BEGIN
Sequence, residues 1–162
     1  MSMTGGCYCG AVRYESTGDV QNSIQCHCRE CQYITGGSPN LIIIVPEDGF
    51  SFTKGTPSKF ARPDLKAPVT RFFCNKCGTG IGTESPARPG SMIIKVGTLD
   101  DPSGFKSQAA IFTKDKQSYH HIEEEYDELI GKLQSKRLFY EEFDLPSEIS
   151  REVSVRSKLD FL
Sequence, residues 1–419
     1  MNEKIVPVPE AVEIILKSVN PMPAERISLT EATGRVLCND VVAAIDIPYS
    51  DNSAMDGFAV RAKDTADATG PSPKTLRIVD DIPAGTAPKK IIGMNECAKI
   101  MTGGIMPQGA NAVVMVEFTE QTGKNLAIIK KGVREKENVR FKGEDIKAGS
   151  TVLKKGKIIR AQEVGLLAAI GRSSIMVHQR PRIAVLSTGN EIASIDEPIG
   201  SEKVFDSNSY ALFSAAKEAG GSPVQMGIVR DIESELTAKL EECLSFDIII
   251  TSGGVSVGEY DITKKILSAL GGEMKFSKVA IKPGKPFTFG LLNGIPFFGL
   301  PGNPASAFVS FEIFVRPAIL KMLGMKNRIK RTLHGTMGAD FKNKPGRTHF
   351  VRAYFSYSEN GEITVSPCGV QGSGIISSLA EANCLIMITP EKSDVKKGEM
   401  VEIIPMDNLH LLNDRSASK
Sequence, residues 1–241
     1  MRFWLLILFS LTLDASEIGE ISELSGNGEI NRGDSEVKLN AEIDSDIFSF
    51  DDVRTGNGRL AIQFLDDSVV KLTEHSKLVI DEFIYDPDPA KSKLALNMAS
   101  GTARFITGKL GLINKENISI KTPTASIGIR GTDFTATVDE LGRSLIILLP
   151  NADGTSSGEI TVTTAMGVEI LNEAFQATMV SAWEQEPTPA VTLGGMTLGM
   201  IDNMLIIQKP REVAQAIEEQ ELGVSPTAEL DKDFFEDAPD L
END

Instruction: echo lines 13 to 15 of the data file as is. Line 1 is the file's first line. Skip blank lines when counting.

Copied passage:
   301  PGNPASAFVS FEIFVRPAIL KMLGMKNRIK RTLHGTMGAD FKNKPGRTHF
   351  VRAYFSYSEN GEITVSPCGV QGSGIISSLA EANCLIMITP EKSDVKKGEM
   401  VEIIPMDNLH LLNDRSASK